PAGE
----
Saturday, September 15, 2007

Euro finally inches cautiously above its trading range

The virtual unanimity on the view that the Fed will be cutting interest rates on Tuesday caused a modest decline in the dollar and a modest rise in the euro which finally dragged the euro modestly above its $1.33 to $1.38 trading range this past week. September futures for the euro closed at $1.3875 on Friday, 1.02 cents above the prior Friday close of $1.3773.

It will be interesting to see where the euro and dollar end up two weeks after the Fed does whatever it is going to do on Tuesday. I strongly suspect that the euro moved up over the past six months in anticipation of Fed rates cuts, so I suspect that traders and speculators may in fact do the old "buy the rumor and sell the news" reversal once the Fed does its thing. In other words, the run-up of the euro and the run-down of the dollar may in fact be near an end and could reverse within the next couple of weeks.

The December contract (which many traders will be shifting to as September winds down) rose to $1.3907 on Friday.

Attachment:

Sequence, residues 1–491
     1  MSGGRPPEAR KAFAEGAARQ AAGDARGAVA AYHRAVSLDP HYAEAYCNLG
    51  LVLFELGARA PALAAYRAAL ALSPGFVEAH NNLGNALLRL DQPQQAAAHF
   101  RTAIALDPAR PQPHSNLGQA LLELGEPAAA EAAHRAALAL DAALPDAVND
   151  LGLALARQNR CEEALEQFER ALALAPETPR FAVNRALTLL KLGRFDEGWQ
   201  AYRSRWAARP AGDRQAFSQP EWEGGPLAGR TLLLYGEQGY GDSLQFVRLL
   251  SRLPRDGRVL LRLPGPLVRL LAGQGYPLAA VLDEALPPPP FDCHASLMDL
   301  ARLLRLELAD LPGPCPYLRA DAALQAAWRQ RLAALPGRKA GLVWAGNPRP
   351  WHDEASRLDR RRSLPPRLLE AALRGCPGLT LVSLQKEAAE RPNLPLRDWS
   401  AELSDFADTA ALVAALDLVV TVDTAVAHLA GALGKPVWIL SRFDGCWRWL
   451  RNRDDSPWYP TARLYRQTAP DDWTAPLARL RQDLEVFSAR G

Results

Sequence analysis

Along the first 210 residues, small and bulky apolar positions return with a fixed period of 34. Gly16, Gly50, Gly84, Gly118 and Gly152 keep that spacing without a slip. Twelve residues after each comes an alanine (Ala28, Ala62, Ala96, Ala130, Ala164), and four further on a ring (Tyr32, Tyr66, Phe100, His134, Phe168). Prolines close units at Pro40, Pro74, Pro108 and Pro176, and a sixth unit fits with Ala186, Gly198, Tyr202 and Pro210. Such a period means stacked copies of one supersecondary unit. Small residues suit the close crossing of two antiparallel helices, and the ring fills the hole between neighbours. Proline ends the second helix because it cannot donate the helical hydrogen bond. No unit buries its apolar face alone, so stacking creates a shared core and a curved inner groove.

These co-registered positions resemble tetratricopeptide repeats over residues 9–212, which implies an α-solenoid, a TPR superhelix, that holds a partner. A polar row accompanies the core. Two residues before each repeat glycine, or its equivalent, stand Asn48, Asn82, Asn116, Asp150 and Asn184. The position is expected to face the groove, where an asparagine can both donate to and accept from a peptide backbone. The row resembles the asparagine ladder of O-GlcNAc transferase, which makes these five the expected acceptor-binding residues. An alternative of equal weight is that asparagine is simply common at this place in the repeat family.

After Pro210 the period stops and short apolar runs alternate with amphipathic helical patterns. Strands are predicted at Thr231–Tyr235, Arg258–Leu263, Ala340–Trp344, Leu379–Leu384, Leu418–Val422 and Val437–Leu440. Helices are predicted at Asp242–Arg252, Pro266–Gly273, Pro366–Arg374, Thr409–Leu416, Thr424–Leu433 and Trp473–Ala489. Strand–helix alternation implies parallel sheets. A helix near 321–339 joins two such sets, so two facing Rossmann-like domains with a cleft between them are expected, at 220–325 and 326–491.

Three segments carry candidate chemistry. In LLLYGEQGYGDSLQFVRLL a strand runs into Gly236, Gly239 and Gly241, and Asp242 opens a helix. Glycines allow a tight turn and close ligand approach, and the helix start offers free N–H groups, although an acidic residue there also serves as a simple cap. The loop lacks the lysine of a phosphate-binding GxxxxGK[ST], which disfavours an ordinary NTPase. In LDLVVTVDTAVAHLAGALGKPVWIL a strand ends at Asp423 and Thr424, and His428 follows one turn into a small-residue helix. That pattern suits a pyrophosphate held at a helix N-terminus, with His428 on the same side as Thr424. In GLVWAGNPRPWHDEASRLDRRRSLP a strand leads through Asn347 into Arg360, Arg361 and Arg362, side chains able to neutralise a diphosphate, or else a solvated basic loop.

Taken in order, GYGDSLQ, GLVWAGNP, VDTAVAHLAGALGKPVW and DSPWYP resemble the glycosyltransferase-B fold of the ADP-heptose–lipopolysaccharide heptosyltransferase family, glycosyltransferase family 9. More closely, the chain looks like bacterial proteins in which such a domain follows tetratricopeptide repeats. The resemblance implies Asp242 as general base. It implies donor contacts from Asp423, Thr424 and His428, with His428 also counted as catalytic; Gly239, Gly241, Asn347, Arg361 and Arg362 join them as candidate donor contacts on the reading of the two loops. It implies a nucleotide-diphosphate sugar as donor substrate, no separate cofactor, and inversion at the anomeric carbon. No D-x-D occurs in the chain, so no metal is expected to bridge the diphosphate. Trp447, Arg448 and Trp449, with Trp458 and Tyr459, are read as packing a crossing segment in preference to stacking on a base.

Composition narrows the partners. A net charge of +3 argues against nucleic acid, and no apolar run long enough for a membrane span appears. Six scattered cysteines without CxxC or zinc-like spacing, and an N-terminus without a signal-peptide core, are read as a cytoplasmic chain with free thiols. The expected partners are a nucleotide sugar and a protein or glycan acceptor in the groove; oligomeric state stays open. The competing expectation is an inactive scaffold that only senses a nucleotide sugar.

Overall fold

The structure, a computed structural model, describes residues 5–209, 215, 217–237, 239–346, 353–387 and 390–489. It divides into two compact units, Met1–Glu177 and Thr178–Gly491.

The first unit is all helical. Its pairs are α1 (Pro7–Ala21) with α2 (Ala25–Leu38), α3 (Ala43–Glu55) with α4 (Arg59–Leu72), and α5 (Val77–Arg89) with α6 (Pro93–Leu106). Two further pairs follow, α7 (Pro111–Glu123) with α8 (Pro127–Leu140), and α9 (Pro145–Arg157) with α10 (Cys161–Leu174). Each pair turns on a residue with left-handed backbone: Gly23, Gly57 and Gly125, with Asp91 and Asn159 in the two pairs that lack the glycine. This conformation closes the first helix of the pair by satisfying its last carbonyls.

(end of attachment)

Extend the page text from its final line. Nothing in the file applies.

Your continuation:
There are plenty of traders and speculators who would like to see the euro break $1.40, but whether there is really a net demand for the euro at these levels remains to be seen. For now, traders and speculators are waiting patiently to see whether the Fed will really cut the fed funds target rate significantly, which should in theory "weaken" the dollar.

Euro futures out at December 2008 were only at $1.3941 on Friday (compared to $1.3831 the previous Friday), so there isn't exactly a lot of "slam dunk" enthusiasm for betting on a $1.40 euro, so far. And that is evidence that some people are not convinced that a slew of fed rate cuts are really coming. It could also be a safe haven bid for the dollar as long as there is heightened global market volatility. So much for the theory that the dollar is "weak."

-- Jack Krupansky


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